Covid-19 levels in England have risen for the first time in five weeks, suggesting the virus is once again becoming more prevalent.
Infections had been on a downward path since the start of the year, following a surge in the run-up to Christmas.
But there are signs this trend has gone into reverse, with the number of people in hospital with Covid-19 also starting to climb.
Not all parts of the UK are seeing an increase, however.
Infections are continuing to fall in Northern Ireland, while the picture is unclear in Scotland and Wales.
A total of 1.02 million people in private households in the UK were likely to have Covid-19 in the week to January 31, up 8% from 941,800 the previous week, according to the Office for National Statistics (ONS).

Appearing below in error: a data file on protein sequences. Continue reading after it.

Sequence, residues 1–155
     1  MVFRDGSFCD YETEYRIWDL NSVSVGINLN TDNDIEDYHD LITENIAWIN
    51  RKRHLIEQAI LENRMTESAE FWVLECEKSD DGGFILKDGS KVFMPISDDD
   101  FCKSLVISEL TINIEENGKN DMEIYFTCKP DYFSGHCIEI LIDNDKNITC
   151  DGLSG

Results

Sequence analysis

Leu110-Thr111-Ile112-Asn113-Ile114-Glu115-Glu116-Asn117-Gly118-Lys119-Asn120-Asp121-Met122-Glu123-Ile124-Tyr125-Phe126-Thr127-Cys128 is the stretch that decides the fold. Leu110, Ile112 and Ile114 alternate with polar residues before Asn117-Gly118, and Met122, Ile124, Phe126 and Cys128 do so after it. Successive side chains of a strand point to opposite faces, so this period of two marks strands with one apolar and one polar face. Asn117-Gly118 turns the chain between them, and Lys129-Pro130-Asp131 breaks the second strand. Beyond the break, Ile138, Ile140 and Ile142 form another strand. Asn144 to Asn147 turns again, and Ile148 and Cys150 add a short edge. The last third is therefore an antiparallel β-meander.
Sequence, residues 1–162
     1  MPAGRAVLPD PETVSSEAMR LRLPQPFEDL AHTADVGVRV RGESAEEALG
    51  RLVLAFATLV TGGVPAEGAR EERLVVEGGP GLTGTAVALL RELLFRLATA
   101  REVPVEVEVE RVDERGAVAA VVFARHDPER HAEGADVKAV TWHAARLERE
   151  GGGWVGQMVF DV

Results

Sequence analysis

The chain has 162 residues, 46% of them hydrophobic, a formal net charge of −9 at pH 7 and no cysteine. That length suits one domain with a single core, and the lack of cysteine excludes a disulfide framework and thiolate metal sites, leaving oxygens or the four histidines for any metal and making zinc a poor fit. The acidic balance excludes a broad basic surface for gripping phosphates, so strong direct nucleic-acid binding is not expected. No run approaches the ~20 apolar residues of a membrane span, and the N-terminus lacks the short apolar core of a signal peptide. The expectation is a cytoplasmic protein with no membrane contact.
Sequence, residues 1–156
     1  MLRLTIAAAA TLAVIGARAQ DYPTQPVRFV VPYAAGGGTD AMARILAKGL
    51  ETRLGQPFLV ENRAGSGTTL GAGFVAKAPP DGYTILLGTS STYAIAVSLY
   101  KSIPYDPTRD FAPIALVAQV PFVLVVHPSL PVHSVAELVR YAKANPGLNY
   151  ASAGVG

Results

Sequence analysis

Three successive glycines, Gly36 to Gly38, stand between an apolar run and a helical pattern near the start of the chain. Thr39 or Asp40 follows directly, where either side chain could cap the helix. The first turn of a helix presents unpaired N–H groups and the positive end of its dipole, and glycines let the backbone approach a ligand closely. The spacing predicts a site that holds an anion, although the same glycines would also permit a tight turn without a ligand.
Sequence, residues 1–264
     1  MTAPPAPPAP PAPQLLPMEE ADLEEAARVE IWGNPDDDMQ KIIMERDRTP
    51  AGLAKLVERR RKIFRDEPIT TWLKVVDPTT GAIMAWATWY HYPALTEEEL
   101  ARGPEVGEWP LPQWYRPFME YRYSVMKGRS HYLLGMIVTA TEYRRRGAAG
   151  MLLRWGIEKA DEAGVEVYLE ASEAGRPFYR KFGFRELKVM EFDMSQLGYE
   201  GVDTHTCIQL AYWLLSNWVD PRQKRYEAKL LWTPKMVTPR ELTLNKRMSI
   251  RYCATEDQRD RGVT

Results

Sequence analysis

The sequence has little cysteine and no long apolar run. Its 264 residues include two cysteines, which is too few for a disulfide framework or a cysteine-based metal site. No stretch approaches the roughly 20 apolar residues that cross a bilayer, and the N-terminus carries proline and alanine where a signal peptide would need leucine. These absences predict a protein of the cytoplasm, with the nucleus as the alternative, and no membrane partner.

Infections peaked at 3.0 million at the end of December, though this was well below the levels reached in previous waves, including in spring 2022 when the weekly total climbed to a record 4.9 million.
Around one in 65 people in England is estimated to have the virus, up from one in 70.
The virus is least prevalent in Wales, at one in 85 people – the lowest estimate for the nation since early September 2022.
For Scotland, the estimate is one in 65, while for Northern Ireland it is one in 70.
Michelle Bowen, ONS head of health surveillance, said the data shows “a mixed picture across the UK”, adding it is “too early to say if these changes mark an overall change in recent trends in infections we’ve seen.”
The ONS infection survey is the most reliable measure of the prevalence of coronavirus and is based on a sample of swab tests from households across the country.